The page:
Beth Harwell

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Beth Harwell
File:Beth Harwell.jpg
81st Speaker of the Tennessee House of Representatives
Assumed office
January 13, 2011
Preceded by Kent Williams
Member of the Tennessee House of Representatives
from the 56th district
Assumed office
January 10, 1989
Preceded by Jan Bushing
Personal details
Born (1957-07-24) July 24, 1957 (age 64)
Norristown, Pennsylvania, U.S.
Political party Republican
Spouse(s) Samuel Harwell
Children Allie
Alma mater Lipscomb University
Vanderbilt University
Religion Churches of Christ

Beth Halteman Harwell[1][2] (born July 24, 1957, in Norristown, Pennsylvania) is the current Speaker of the House in the Tennessee House of Representatives. She serves as Tennessee State Representative from Nashville and former Chairman of the Tennessee Republican Party from 2001 through 2004.[3] A longtime member of the Tennessee House of Representatives since 1988, Harwell was a ranking Republican in the House (former Minority Whip) and Commerce Committee chairwoman.[1][2] She is the first woman to serve as Tennessee's Speaker of the House.

In 1978 Harwell received her Bachelor of Arts from Lipscomb University. She received a Ph.D. from Vanderbilt University. She is married to Samuel Harwell. The couple has three children.[4]

Harwell received the Small Business award from the National Federation of Independent Business.[5] Her husband Sam Harwell is the founder of Big Time Toys, LLC, which is currently embroiled in a lawsuit over the Sea Monkey franchise. [6] [7]

Harwell explored a run for the 2006 U.S. Senate race; however she finally decided against seeking that seat. In May 2007 Harwell said that she was considering running in the 2010 state gubernatorial election.[8]

In the 2008 presidential election, Harwell was the state co-chair for John McCain's presidential campaign.[9][10] McCain won 56.9% of Tennessee's popular vote against Democrat Barack Obama.[11] During the elections, the Republican Party gained control of both the Tennessee Senate and House for the first time since Reconstruction. In January 2009, Harwell was named chairwoman of the Commerce Committee.[12]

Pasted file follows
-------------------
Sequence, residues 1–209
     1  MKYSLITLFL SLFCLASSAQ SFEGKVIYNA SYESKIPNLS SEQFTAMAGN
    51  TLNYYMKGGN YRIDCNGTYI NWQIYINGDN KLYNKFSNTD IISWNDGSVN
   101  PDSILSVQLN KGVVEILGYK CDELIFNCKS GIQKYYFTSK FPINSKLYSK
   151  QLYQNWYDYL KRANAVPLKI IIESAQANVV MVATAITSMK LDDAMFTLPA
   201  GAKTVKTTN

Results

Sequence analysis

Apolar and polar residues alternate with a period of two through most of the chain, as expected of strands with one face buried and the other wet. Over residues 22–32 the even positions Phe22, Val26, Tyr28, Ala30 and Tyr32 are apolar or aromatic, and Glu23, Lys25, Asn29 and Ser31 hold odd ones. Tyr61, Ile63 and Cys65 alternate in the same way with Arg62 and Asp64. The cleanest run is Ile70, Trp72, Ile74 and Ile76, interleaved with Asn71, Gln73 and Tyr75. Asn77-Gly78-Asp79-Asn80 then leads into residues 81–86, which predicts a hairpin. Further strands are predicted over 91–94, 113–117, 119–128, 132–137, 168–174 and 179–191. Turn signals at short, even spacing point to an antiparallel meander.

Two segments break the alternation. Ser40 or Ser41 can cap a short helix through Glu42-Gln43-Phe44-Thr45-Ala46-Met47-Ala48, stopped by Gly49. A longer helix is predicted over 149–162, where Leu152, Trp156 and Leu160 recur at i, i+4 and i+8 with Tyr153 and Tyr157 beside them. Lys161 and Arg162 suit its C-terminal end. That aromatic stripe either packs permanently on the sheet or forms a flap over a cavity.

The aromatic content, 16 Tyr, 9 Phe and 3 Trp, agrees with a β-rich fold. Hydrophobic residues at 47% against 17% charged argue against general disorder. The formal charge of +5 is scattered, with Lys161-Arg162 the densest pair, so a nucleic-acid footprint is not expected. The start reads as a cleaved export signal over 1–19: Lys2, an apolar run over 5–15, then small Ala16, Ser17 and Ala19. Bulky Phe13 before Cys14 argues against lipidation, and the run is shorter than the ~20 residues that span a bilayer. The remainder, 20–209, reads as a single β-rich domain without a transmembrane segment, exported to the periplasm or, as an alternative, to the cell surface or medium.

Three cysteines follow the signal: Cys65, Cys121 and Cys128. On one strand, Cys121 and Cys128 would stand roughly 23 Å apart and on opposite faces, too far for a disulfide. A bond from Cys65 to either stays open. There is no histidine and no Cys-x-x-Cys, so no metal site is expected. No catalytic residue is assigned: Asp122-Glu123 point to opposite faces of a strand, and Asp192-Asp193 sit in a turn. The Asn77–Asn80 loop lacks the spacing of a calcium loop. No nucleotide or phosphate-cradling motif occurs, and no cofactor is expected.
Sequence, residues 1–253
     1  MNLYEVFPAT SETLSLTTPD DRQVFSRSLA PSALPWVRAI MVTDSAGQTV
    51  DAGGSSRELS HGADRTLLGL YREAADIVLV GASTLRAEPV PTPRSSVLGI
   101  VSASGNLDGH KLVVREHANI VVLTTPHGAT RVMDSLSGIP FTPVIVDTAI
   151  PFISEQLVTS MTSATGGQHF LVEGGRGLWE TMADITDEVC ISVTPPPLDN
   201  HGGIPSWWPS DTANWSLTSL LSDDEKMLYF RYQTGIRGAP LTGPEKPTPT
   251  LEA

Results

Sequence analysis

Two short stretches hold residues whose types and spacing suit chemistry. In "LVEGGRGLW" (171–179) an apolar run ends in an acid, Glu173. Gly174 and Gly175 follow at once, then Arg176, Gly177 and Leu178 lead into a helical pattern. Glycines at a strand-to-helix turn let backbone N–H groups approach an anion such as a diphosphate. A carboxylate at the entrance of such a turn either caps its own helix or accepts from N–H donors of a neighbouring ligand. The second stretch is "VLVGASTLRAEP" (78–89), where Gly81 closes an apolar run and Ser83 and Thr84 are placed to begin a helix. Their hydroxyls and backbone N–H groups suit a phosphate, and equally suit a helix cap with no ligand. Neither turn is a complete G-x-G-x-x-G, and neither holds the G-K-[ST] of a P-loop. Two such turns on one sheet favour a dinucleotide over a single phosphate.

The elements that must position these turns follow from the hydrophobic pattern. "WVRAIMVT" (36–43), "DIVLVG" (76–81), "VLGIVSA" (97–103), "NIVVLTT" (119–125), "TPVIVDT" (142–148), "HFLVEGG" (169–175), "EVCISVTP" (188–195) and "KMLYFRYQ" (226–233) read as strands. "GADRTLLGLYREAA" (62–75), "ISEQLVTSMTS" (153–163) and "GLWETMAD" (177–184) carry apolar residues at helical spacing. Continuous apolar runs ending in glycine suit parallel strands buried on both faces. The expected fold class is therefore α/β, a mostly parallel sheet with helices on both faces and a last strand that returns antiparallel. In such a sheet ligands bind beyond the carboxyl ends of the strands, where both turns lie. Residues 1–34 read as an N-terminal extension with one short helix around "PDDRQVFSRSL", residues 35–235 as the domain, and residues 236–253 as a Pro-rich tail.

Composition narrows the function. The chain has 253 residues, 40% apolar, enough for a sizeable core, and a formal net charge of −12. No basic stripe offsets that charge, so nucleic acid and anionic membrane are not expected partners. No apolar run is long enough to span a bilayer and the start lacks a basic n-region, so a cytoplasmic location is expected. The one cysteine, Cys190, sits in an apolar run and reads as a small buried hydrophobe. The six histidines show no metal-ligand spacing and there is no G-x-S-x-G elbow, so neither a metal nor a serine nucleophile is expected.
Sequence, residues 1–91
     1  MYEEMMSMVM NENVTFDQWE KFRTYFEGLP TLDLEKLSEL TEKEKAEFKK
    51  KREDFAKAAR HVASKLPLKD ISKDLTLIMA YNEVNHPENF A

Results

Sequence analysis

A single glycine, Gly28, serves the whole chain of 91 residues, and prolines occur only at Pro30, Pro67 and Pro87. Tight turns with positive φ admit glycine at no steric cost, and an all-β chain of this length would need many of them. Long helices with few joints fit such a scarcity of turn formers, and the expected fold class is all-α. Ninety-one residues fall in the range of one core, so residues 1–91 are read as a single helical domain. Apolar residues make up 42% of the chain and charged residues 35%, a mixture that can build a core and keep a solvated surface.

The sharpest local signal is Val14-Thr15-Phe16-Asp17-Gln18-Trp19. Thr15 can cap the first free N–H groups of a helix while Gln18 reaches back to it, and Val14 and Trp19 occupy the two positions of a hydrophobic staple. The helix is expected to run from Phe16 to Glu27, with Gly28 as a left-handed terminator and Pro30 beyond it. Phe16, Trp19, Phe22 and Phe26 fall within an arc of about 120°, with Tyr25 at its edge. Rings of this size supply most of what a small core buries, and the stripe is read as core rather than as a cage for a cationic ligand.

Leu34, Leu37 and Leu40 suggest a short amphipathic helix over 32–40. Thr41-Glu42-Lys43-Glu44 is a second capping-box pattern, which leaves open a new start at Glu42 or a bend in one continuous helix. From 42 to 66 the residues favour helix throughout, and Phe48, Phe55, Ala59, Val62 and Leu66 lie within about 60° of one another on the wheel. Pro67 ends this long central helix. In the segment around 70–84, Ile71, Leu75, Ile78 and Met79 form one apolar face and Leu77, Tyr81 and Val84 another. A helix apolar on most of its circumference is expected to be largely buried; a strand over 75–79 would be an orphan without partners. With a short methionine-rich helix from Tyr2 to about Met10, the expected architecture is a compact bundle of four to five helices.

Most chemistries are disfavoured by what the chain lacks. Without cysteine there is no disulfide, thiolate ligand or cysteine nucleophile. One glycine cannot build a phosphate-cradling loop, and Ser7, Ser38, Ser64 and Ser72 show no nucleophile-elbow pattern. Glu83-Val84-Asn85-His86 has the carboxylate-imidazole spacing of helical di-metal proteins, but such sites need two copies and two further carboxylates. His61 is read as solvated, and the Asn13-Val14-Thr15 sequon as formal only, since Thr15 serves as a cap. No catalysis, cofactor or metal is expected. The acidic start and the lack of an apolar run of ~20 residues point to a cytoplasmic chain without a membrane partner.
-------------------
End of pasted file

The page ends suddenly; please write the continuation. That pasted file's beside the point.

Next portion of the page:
1. 1.0 1.1 "Beth Halteman Harwell". Retrieved 2009-01-03.<templatestyles src="Module:Citation/CS1/styles.css"></templatestyles>
  2. 2.0 2.1 "Harwell, Beth Halteman". Our Campaigns. Retrieved 2009-01-03.<templatestyles src="Module:Citation/CS1/styles.css"></templatestyles>
  3. Locker, Rick (July 24, 2008). "GOP chair won't say whether Rove ordered media ban". Knoxville News Sentinel. Retrieved 2009-01-03.<templatestyles src="Module:Citation/CS1/styles.css"></templatestyles>
  4. Lipscomb University Alumni Today 2010 (New York: Harris Connect, 2010), p. 161.
  5. "Rep. Beth Harwell". Friedman Foundation. Retrieved 2009-01-05.<templatestyles src="Module:Citation/CS1/styles.css"></templatestyles>
  6. Hitt, Jack (April 15, 2016). "The Battle Over the Sea-Monkey Fortune". New York Times Magazine. Retrieved 2016-04-24.<templatestyles src="Module:Citation/CS1/styles.css"></templatestyles>
  7. Klasfeld, Adam (September 24, 2014). "Sea-Monkey Spat Swims On in Federal Court". Courthouse News Service. Retrieved 2016-04-24.<templatestyles src="Module:Citation/CS1/styles.css"></templatestyles>
  8. Davis, Michael (May 15, 2007). "Republican Rep. Harwell considering 2010 governor's race". Chattanooga Times Free Press. Retrieved 2009-01-06.<templatestyles src="Module:Citation/CS1/styles.css"></templatestyles>
  9. Humphrey, Tom (October 22, 2008). "In presidential race, Tennessee strategies diverge". Knoxville News Sentinel. Retrieved 2009-01-03.<templatestyles src="Module:Citation/CS1/styles.css"></templatestyles>
  10. "Presidential campaign officer, legislator teaches students about elections this fall". Lipscomb University. Retrieved 2009-01-03.<templatestyles src="Module:Citation/CS1/styles.css"></templatestyles>
  11. "Tennessee: McCain vs. Obama". RealClearPolitics. Retrieved 2009-01-03.<templatestyles src="Module:Citation/CS1/styles.css"></templatestyles>
  12. Locker, Richard (January 22, 2009). "Tennessee House Republicans to chair 7 committees, Democrats 6". The Commercial Appeal. Retrieved 2009-01-23.<templatestyles src="Module:Citation/CS1/styles.css"></templatestyles>

External links

Political offices
Preceded by
Kent Williams
Speaker of the Tennessee House of Representatives